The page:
One of the few magazines that didn't mess around when it came to giving shit games a complete panning. They'd give terrible games incredibly low scores (natch) and constantly say (pretty much) every other Amiga magazine was a tool of the software industry. Which was (a bare-faced lie - Libel Ed). Sorry, but I couldn't resist.

The features were where the magazine really shone. They often had little (or nothing) to do with games, Amigas or computing in general, and spanned such topics as Anime, Cyberpunk, high-calorie sandwich receipes, comparisons of computer games and their real-life equivalents (F1 Grand Prix and being pushed around a car park in a shopping trolley, for example) and scripts for sitcoms based on the Valhalla series of adventures.

The most famous item was one about how software companies were buying good marks for crap games from unscrupulous magazines. In it was a chart of pay-offs which included crates of beer, industry dinners and holidays as payoffs to influence writers of varying stubborness.. Infamous for The Number Of The Beast, which a reviewer would resort to when he wanted to dissuade gamers from buying it, but also to placate the games company for fear of losing his crates of beer and holidays. And that number?


Became more and more feature-dependant as their supply of review games dried up (jointly caused by both the death of the Amiga as a home computer and various software companies' tendency not to send review-copies to magazines who gave them bad reviews). But that's another story. And here it is.

Team 17, probably most famous for the Worms series (Worms/2/Armageddon et al), released a mediocre ten-pin bowling game called Kingpin. AP said it was mediocre (including the infamous review-tag "Strike! This game from your shopping list", later commented upon as the funniest thing the reviewer (Reader Millington?) ever wrote for the magazine). Team 17 throws a bit of a benny and refuses to send AP any more games.

Also of note is the time that an executive of a leading software company of the day (it may have been the aforementioned Team 17, come to think of it) phoned Jonathan Nash (then-editor) and accused him and his "evil" magazine of single-handedly wanting to destroy the Amiga. The exec's argument? AP gave bad games low scores, so people wouldn't buy them. Fault his logic, I dare you.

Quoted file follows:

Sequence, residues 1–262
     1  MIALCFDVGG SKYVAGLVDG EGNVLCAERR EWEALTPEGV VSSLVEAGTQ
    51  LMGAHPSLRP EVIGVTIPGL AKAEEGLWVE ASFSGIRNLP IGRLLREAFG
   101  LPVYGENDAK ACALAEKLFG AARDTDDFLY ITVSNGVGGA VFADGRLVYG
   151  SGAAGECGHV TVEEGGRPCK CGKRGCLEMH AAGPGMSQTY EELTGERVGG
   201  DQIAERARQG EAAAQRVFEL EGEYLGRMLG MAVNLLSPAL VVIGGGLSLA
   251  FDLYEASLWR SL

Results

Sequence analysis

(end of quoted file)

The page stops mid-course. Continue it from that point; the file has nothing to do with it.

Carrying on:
This conversation may explain why all of the other Amiga magazines gave such obviously shite games (Rise Of The Robots, ATR, etc) ludicrously high scores. This fact was often parodied in The Disseminator, the regular news feature that compared AP's review scores to those of other magazines, often with much mocking and pointing.

But anyway. One of their slogans (The Magazine With Attitude) was often brutally and cruelly parodied by readers of the latter-day AP, who called it The (Pamphlet/Brochure/etc) With Attitude as a result of both the reduction in size and simultaneous price-hike. Despite both of these factors the quality was retained all the way to the bitter end, when in the final issue (almost) every writer was killed off by The Four Cyclists Of The Apocalypse, who had presumably been called away from their busy schedule of peripheral-reviewing.

Its not-successor, AP2, was a website that basically continued where AP left off, although the AP in the title most certainly didn't stand for Amiga Power. Or is that what they want you to think? Or is that what I want you to think? Etc.

AP2 was available at

IIRC, but it appears to have disappeared now. Last I remember it was the defendant in a lawsuit against another magazine who lumped the entire thing on their CD without the writers' permission. This is generally considered A Bad Thing.

And incidentally - the writers would mercilessly slaughter the person who didn't use correct grammar for the node title.

Well, not 'slaughter'. Perhaps 'make a cutting remark and award 2/10 to'.

The Oolong Man has correctly informed me of the URL for AP2. I take my hat off, and bid him good day.

The AP2 page by Stuart Campbell is now at

There is also a collection of amusing old (and some unpublished) articles on the same site at

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